Neil Jordan was born in County Sligo, Ireland and educated at University College, Dublin where he studied Irish History and English and founded the Irish Writers' Co-operative. He published a volume of short stories, Night in Tunisia, that won the Guardian Fiction Prize in 1976, and has since published three novels: The Past (1979), The Dream of a Beast (1983) and Sunrise with Sea Monster (1994).
After working as script consultant on John Boorman's Excalibur in 1981, Jordan made his feature debut with Angel (1982), which dramatises the experiences of an Irish saxophonist (Stephen Rea, in the first of many roles for Jordan) who witnesses the murder of his band manager and a young woman and determines to wreak revenge. Though made as a low-budget film for television, the surreal style of the film, its oneiric use of colour and lighting, and its poetic use of dialogue persuaded Channel 4 to distribute it theatrically.
It established Jordan's reputation as a director and led to a fruitful collaboration with distributor-turned-producer Stephen Woolley. Their first film together, The Company of Wolves (1984), reveals an important component of Jordan's imaginative vision, the world of dream and fantasy. As in many of his subsequent films, he addresses history and politics, through images of horror, the gothic, the supernatural and the macabre.
Mona Lisa (1986), Jordan's next film, starring Bob Hoskins, Cathy Tyson and Michael Caine, is reminiscent of Pier Palo Pasolini's Accattone (Italy, 1961) and Mamma Roma (Italy, 1962), in its focus on a world of pimps and prostitutes where the protagonist is the city and where politics emerge through the images portraying the economic and social relations of underworld life. Created in the style of the crime genre, with an homage to film noir, Mona Lisa reveals the complex ways in which Jordan's films draw on existing genres and then transform them to suit contemporary contexts and issues.
Mona Lisa was highly successful commercially and Jordan was invited to Hollywood, where he made two comedies, High Spirits (1988) and We're No Angels (1989). But both films were box-office flops and he returned to Ireland, where he wrote and directed The Miracle (1991), starring Beverly D'Angelo and Donal McCann. The film dramatises the coming of age of a young boy, Jimmy, who is tied to an alcoholic father (another saxophonist), but the conflict between the two is more than an Oedipal conflict between father and son. It is a clash of past and present and testifies to Jordan's unrelenting engagement with Irish culture and society and the changing attitudes toward gender, sexuality and the family. Despite its consummate weaving of characters, images, sound into its multi-faceted motifs, The Miracle attracted little attention from critics or audiences.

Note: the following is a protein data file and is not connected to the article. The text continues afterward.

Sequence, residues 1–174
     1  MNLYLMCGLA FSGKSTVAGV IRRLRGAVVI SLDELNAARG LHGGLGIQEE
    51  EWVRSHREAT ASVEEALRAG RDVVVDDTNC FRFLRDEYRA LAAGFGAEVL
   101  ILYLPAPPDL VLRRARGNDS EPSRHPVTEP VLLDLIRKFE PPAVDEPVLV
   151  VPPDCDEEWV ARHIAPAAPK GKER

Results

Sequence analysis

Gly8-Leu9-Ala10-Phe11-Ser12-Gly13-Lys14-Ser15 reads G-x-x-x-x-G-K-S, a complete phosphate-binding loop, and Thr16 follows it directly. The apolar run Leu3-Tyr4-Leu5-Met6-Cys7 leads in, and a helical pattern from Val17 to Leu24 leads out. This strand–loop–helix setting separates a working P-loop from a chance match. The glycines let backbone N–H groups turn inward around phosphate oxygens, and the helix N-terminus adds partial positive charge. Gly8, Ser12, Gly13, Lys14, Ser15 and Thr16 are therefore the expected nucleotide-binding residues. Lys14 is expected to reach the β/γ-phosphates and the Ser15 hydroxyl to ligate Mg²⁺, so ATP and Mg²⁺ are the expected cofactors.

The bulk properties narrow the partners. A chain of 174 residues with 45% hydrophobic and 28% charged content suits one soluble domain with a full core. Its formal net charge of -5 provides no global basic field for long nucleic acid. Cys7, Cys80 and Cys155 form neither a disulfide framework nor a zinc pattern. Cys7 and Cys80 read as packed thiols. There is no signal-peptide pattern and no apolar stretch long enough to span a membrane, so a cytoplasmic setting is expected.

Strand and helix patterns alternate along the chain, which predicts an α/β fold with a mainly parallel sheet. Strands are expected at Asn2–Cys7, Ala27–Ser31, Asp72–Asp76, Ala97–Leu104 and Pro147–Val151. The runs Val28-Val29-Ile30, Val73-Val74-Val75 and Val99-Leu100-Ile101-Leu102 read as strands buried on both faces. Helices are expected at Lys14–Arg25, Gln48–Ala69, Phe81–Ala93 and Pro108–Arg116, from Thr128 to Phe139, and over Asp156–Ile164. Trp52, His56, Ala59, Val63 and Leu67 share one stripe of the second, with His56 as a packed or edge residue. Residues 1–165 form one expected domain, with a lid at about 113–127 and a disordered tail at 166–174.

Thus the international success of The Crying Game (1992), a modestly budgeted film which echoes many of the themes and concerns of Angel, came as a complete surprise. Like many of Jordan's films it involves romance, but here there is a twist on the normative heterosexual scenario. The oddness of the relationship between reluctant IRA gunman Fergus (Stephen Rea) and Dil (Jaye Davidson), the black girl/boyfriend of a British soldier whose death he is indirectly responsible for, fascinated audiences and critics and overshadowed Jordan's other concerns with Irish nationalism and the role of the IRA.
If The Crying Game marked a return to the Irish subject matter of Angel, Interview with the Vampire (US, 1994), based on Anne Rice's best-selling novel and drawing on the talents of Tom Cruise, Christian Slater, Brad Pitt, Antonio Banderas, Kirsten Dunst (and Jordan's alter ego, Stephen Rea), returns to the horror and fantasy of The Company of Wolves. It grossed $220 million in the international market, and demonstrated Jordan's ability to explore serious philosophical issues within popular cinematic forms.
In Michael Collins (US, 1996), centred around the 1916 Easter Rising which began the bitter and bloody war of Irish independence, Jordan came in for harsh criticism, not only from the predictably hostile English right-wing press, but from Irish sources too. Alan Rickman's portrayal of Eamon de Valera, Ireland's first president, was considered particularly provocative and Sile de Valera protested at the film's misrepresentation of her grandfather. Jordan was accused by many critics of bending events to suit his political agenda. De Valera's defiance of Collins in the Dail, his petulance, and his "nervous breakdown" shortly before the ambush where Collins is killed contribute to the film's discrediting of "Dev's" masculinity (as does his escape from Lincoln prison in women's clothes).
But this is part of Jordan's wider strategy of combating inherited cinematic images of Irish masculinity. Collins, "the Big Fella", (Liam Neeson) is portrayed as neither gratuitously violent nor sexually puritanical. Reinventing and inverting images of Irishness, Jordan associates him with intelligence, cleverness, and wit. Furthermore, he stresses purposeful action rather than indiscriminate violence on the part of the IRA. The scenes in Marsh's Library and in Dublin Castle with Broy (Stephen Rea) and Collins highlight the role that information and intelligence play in Collins' strategy to defeat the British, and present the men as more than vicious "gunmen". Julia Roberts' characterisation of Kitty Kiernan, serves to highlight Collins's ambivalence over the use of violence but even more to accentuate the melodramatic sense of mourning and loss that subtends the entire film.